(Corrects spelling of ambassador's name in third paragraph)
* Scope of arms covered by draft treaty has narrowed
* NRA welcomes U.S. Senate call to repudiate arms treaty
* U.N. arms treaty drafting conference ends on Thursday
By Louis Charbonneau
UNITED NATIONS, March 25 Human rights groups on
Monday sharply criticized the latest draft of what could become
the first international treaty to regulate the $70 billion
global conventional arms trade, accusing the United States and
others of pushing to dilute it.
Several Western delegations, however, played down the
complaints of groups like Oxfam, Amnesty International, the
World Council of Churches and Control Arms, saying the latest
draft showed progress, though improvements were clearly needed.
United Nations member states began meeting last week in a
final push to hammer out a binding international treaty to end
the lack of regulation over conventional arms sales.
On Friday, Peter Woolcott of Australia,
president of the drafting conference, distributed a revised
One of changes was in the list of arms the treaty covers.
The previous draft treaty said that the following weapon
types would be covered by the pact "at a minimum" - tanks,
armored combat vehicles, large-caliber artillery systems, combat
aircraft, attack helicopters, warships, missiles and missile
launchers and small arms and light arms.
But in the new draft, the words "at a minimum" have been
removed, which rights groups said has dramatically narrowed the
scope of the weapons to be covered by the treaty.
"This treaty is not good enough," said Anna Macdonald of
Oxfam. "This is not the treaty that is going to save lives and
Jonathan Frerichs of the World Council of Churches told
reporters predator drones and hand grenades are examples of
deadly arms that should be explicitly covered but are not.
Arms control campaigners and human rights advocates say one
person dies every minute worldwide as a result of armed
violence, and that a treaty is needed to halt the uncontrolled
flow of weapons and ammunition that they argue helps fuel wars,
atrocities and rights abuses.
They say conflicts in Syria, Mali, Democratic Republic of
the Congo, Ivory Coast and elsewhere highlight the need to keep
arms from going to governments that use them for atrocities.
NRA APPLAUDS SENATE MEASURE
Several Western diplomats said that the rights groups were
ignoring improvements and exaggerating shortcomings of the new
draft, noting a new draft comes out on Wednesday ahead of the
final day of negotiations on Thursday.
If the pact does not get the required unanimous approval of
member states, it would go to a vote in the 193-nation General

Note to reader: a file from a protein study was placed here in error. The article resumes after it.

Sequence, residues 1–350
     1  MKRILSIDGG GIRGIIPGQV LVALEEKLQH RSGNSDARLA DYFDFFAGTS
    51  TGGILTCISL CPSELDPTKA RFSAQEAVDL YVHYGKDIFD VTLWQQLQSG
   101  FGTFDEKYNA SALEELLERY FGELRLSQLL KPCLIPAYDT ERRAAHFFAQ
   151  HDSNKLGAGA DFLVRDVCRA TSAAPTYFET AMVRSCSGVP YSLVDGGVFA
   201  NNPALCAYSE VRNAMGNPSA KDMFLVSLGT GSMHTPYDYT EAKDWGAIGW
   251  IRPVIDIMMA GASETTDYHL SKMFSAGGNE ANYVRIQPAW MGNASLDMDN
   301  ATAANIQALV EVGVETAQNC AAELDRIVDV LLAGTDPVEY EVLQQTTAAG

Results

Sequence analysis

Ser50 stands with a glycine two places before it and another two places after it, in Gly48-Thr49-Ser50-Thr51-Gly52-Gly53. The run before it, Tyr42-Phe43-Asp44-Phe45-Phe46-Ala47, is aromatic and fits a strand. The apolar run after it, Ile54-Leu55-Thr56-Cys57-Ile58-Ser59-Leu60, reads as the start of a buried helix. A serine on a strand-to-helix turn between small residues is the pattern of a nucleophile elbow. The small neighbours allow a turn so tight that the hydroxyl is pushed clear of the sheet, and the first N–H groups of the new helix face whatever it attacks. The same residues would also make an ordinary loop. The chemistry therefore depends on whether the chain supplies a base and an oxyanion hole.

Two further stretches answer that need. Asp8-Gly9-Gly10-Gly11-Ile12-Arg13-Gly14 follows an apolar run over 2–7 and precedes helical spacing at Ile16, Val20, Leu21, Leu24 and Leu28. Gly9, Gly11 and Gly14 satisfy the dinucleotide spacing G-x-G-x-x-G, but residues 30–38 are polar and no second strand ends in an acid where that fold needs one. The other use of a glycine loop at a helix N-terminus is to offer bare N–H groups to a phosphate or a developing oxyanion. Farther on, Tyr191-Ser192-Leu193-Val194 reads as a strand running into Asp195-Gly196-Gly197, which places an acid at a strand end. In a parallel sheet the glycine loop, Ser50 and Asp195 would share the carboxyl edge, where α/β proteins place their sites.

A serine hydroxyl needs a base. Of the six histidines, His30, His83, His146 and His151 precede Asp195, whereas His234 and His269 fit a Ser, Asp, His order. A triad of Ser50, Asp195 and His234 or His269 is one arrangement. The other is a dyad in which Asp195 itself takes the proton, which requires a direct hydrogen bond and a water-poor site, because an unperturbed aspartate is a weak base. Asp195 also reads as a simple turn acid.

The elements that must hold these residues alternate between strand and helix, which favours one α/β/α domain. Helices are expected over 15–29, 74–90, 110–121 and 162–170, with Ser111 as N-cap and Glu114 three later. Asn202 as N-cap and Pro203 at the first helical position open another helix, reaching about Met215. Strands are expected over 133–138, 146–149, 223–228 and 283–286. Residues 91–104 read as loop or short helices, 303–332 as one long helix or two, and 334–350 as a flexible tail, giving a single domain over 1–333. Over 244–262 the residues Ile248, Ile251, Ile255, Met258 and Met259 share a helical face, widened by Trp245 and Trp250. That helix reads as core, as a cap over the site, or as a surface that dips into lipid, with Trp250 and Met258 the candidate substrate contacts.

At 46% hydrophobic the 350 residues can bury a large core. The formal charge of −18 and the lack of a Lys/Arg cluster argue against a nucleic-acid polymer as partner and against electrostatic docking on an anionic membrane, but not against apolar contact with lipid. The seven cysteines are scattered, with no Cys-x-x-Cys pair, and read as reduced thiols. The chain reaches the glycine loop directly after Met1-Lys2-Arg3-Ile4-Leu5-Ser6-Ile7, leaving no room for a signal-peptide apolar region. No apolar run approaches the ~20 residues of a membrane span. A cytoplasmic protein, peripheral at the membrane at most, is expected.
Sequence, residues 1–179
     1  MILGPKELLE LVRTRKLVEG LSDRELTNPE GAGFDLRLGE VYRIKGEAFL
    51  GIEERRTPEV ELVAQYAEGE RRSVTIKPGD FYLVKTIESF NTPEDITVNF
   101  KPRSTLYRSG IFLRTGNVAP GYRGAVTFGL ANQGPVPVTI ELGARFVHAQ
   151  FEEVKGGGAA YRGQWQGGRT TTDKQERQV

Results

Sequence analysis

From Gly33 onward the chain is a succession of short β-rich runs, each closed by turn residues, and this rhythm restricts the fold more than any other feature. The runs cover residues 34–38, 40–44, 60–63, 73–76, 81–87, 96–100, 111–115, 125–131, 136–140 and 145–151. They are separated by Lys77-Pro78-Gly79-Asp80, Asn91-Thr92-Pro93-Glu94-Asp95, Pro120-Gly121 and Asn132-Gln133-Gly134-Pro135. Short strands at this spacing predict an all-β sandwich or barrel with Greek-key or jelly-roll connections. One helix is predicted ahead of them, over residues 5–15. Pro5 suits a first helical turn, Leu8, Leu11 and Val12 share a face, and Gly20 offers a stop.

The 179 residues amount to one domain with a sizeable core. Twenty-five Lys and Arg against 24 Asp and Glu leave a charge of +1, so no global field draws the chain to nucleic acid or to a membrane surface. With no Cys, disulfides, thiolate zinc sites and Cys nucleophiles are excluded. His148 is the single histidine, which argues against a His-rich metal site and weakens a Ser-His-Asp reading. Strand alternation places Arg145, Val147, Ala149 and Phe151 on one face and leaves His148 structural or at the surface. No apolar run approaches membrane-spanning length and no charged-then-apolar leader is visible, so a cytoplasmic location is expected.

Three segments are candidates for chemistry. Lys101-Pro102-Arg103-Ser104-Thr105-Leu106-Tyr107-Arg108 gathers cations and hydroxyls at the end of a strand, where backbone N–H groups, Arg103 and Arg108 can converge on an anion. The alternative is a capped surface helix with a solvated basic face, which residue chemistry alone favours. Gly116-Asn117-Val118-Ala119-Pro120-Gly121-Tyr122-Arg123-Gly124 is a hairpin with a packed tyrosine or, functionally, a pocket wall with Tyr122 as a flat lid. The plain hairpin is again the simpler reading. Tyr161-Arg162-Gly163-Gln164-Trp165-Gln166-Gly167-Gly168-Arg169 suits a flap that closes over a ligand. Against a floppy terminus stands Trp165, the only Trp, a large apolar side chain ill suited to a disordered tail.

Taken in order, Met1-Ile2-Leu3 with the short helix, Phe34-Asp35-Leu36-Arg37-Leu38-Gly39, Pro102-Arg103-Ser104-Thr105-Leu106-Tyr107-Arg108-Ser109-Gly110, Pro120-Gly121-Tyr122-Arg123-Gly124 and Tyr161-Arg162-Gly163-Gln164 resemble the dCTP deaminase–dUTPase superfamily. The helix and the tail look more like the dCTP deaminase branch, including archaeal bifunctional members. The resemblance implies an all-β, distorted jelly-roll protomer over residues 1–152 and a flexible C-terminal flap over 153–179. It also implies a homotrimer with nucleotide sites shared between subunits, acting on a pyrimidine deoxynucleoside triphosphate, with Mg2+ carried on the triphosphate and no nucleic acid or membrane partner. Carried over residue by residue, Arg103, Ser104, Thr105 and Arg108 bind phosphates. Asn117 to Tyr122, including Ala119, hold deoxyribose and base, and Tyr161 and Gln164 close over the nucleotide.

Assembly, where diplomats say it is very likely to pass.
The point of an arms trade treaty is to set standards for
all cross-border transfers of conventional weapons. It would
also create binding requirements for states to review all
cross-border arms contracts to ensure arms will not be used in
human rights abuses, terrorism or violations of humanitarian
In addition to the narrowing of the scope of weapons
covered, rights groups and supporters of a tough treaty said
ammunition is not properly covered, and loopholes that exclude
defense cooperation agreements, loans and leases remain in the
Oxfam's Macdonald suggested it was the United States, the
world's top arms producer, that had pushed for a narrowing of
the scope of the weapons covered in the treaty. The U.S. mission
did not have an immediate reaction, but several diplomats also
blamed it on the United States and other major arms exporting
U.S. Secretary of State John Kerry voiced conditional
support for the treaty last week, saying Washington was
"steadfast in its commitment to achieve a strong and effective
Arms Trade Treaty that helps address the adverse effects of the
international arms trade on global peace and stability."
But he did not promise U.S. support. He repeated that the
United States would not accept a treaty that imposed new limits
on U.S. citizens' right to bear arms, a sensitive political
issue in the United States.
Over the weekend, the National Rifle Association, a powerful
U.S. pro-gun lobby, welcomed a measure adopted by the U.S.
Senate on Saturday that called on the United States not to join
the U.N. arms trade treaty. The NRA has vowed to fight hard to
prevent ratification of the treaty if it reaches Washington.
The measure, which was put forward by Senator James Inhofe,
an Oklahoma Republican, passed on a 53-46 vote. Several U.N.
diplomats in New York said this was a sign of the difficulties
the United States would have securing Senate approval of a pact.
"Thanks to the efforts of Senator Inhofe, we are one step
closer to ensuring the U.N. will not trample on the freedoms our
Founding Fathers guaranteed to us," said Chris Cox, executive
director of NRA's Institute for Legislative Action.
The American Bar Association, an attorneys' lobbying group,
last month disputed the NRA position on the treaty, saying in a
paper that "ratification of the treaty would not infringe upon
rights guaranteed by the Second Amendment."
The main reason the arms trade talks are taking place at all
is that the United States - the world's biggest arms trader -
reversed U.S. policy on the issue after President Barack Obama
was first elected and decided in 2009 to support an arms treaty.
(Reporting By Louis Charbonneau; Editing by Cynthia Osterman)